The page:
Infibulation Rates by Country in Africa.  



The following is perhaps one of the most interesting articles I uncovered during my review of the early 19th century Medical Repository. It represents what is likely an early clinical review and investigation into African children who became pregnant by the time they reached their fertile teen-age years, and who could not deliver their children due to an undersized vaginal orifice (to put it lightly). According to their physical exam, the physician’s immediate review of the anatomy suggested something was missing. In theory it should have been impossible for them to become fertilized due to the size and shape of the orifice. Thus the reason for the author’s query. The cases discussed here are probably some of the earliest examples of the African practice carried out on young girls known as infibulation. With infibulation, the labia are closed for the most part, and a small opening left in order to allow for normal urinary and menstrual flow. The fact that these young women lack vaginal cavities and are pregnant suggested to doctors some very interesting social and moral issues for the time. This speculation also in turn led to a number of related clinical and biological questions, which the author provides us with his personal observations about. Aside from the obvious questions related to the practice of infibulation, one has to wonder if and how the following questions were probably considered by the physicians:

  1. Could the women have become pregnant even with the vaginal opening so tightly closed?
  2. If not, did she become impregnated “unknowingly” or without signs thereof before having this procedure done?
  3. If the latter is the case, was this process engaged in mostly for cultural reasons, or reasons related to their future as slaves, or perhaps a little of both?
  4. Who made the decision to have this process done? Was it carried out because it was considered a cultural norm and therefore culturally correct? Or was this because the merchants and investors participating in slave trade found good cause to prevent pregnancy from becoming a part of a very young girl, future servant’s life?
  5. How was this process carried out, with surgical skills or some local, native process that left the changed tissues seemingly natural in appearance, with minimal signs of surgical change and/or scarring?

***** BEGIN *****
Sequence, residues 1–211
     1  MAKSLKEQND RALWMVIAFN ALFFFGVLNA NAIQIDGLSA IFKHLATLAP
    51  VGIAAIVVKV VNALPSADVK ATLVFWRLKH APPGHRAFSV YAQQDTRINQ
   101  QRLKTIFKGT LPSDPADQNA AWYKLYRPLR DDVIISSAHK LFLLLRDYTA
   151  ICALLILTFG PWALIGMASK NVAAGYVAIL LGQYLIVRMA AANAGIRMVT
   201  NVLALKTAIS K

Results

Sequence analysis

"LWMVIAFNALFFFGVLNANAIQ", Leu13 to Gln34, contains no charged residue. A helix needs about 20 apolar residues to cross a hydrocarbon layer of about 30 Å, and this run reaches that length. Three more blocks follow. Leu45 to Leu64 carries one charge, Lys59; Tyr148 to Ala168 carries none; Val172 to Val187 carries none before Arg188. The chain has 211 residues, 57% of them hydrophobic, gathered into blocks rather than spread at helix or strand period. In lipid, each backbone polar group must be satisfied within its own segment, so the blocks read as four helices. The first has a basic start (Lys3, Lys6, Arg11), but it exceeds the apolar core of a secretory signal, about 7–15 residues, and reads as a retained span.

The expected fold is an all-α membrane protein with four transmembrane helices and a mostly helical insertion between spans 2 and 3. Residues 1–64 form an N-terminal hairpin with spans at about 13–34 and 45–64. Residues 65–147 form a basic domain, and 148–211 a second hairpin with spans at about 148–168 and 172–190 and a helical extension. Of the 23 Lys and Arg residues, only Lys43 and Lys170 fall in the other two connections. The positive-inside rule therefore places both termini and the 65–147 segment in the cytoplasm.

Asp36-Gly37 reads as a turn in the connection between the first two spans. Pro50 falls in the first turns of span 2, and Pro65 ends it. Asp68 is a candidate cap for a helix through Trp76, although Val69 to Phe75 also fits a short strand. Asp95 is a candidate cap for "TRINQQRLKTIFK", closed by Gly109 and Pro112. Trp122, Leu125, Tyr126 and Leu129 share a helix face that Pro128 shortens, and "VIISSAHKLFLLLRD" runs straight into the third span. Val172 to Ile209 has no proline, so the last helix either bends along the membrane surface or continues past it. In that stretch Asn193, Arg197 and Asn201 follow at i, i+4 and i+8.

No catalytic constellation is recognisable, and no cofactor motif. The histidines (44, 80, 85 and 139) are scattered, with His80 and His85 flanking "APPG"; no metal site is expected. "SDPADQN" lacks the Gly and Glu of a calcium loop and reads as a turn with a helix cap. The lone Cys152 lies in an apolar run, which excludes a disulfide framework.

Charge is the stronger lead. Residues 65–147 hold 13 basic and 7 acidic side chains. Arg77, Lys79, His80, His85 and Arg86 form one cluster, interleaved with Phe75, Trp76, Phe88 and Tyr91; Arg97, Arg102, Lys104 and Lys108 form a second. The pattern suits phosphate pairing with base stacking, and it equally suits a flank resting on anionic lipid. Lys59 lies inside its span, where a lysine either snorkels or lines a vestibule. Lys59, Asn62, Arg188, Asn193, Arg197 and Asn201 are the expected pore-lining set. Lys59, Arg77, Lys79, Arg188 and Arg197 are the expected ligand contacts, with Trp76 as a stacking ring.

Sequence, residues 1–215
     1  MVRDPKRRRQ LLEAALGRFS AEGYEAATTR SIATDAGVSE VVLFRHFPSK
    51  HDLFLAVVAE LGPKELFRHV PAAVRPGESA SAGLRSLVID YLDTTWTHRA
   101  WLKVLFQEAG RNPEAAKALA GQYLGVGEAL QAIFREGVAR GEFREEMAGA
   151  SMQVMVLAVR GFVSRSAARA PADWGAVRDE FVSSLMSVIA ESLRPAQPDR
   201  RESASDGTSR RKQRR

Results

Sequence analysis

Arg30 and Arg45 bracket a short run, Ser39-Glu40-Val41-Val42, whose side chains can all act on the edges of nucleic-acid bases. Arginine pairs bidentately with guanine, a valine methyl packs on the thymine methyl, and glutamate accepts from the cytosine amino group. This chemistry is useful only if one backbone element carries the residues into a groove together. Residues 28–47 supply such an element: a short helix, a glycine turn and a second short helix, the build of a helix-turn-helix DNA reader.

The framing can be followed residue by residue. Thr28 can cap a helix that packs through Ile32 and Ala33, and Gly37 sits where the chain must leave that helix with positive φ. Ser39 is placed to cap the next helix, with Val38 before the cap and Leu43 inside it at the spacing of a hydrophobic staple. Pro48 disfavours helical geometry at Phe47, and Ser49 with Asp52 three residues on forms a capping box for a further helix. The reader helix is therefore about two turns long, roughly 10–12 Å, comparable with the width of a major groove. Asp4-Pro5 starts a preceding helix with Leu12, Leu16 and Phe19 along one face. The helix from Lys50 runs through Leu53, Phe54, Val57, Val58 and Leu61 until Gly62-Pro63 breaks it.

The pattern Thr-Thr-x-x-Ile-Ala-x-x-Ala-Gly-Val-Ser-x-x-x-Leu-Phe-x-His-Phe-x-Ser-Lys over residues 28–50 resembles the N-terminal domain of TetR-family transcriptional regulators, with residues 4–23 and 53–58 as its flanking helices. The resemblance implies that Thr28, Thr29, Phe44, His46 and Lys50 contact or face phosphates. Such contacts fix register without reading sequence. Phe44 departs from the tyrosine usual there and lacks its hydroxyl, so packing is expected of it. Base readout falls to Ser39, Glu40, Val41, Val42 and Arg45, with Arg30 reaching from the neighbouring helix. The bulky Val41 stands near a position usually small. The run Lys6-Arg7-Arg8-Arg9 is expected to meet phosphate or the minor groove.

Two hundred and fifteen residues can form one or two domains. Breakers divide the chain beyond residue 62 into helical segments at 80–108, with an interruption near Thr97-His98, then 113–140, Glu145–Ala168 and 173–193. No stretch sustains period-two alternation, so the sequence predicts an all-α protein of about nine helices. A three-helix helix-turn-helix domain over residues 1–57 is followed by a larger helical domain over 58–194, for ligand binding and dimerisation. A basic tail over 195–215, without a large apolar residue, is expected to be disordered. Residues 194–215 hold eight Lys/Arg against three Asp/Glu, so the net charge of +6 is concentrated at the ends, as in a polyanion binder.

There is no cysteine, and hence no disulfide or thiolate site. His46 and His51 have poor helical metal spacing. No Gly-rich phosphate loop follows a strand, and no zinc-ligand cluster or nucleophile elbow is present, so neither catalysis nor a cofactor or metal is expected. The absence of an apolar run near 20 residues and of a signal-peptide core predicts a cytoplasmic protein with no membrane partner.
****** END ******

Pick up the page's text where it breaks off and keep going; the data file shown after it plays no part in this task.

Other interesting topics were reviewed in this article as well, including interracial intercourse and impregnation and the related biological and clinical observations about the process and biology involved, mixed color or heritage fraternal twins, and important biological, medical and social issues related to mulatto children. All of this was happening around 1800, a period when Lamarckian evolution theory prevailed. The author of this article is John Archer of Hartford, Maryland. His home town is a region that would later be considered the northernmost edge of where the most efficient utilization of slaves would exist, due to the acclimation habits and ability of African immigrants. Most likely the slaves with infibulation were acquired by way of the African-Sudan Muslim trade routes, for it was the Sudanese culture that bore many of the mores required for this process to be practiced. This also suggests that by better mapping slave trade with a focus on Arabic-Sudanese-Muslim culture, the cultural migration process for this practice can be better understood for the purposes of documenting the history of this unique sociocultural group. The practice of infibulation remains a highly controversial topic to this day, with a very recent rebirth in this practice and its publicized controversies modern day US practitioners of medicine can be with. For more on this topic see: Clitoridectomy and Infibulation. Cultural Survival. February 17, 2010. BME article, Western History of Female Infibulation, August 26, 2008. Google Search. (contemporary writings) Google search on early 19th Century books about African Slavery (google book search, limited years) Selected Readings: Johann Friedrich Blumenbach. The Elements of Physiology. 1828. Johann Ludwig Burkhardt. Travels in Nubia . . . , 1819 (or 1822 edition). See pp. 331-333, or 295-297. William Cummin. Lectures on Forensic Medicine. Lecture IX. The London Medical Gazette, vol. 19, November 26, 1836. pp. 289-295. I have a separate page with Infibulation mapped coming together–a 3D rotating map algorithm was created depicted the regional distribution of this sociocultural ICD. In my population health ICD study, four very specific peak ages for risk were defined for infibulation involving women: children around 5 to 9 and in their teen-to-young adult years demonstrated peaks of high risk, recurring over a ten year study period. Since these were younger at their age of diagnosis, there is the possibility that they underwent this process as U.S. citizens; as teen age to twenty year olds, the younger they were at the time of the experience, the more likely it becomes that they were US citizens. If they are very young and their parents are US citizens, this implies a local procedure within the US is possible. This also suggests that more than likely these children were children not at all involved with the final decision making process – – making this highly controversial procedure indeed! .

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